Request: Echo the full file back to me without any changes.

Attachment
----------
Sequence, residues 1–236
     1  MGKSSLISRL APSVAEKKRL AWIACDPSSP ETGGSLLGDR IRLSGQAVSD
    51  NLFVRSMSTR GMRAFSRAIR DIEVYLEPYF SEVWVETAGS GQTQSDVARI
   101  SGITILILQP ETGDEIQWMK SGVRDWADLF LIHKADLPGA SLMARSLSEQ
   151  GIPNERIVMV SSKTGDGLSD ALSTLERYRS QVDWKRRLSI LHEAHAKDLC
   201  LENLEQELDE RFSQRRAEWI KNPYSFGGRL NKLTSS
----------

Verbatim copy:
Sequence, residues 1–236
     1  MGKSSLISRL APSVAEKKRL AWIACDPSSP ETGGSLLGDR IRLSGQAVSD
    51  NLFVRSMSTR GMRAFSRAIR DIEVYLEPYF SEVWVETAGS GQTQSDVARI
   101  SGITILILQP ETGDEIQWMK SGVRDWADLF LIHKADLPGA SLMARSLSEQ
   151  GIPNERIVMV SSKTGDGLSD ALSTLERYRS QVDWKRRLSI LHEAHAKDLC
   201  LENLEQELDE RFSQRRAEWI KNPYSFGGRL NKLTSS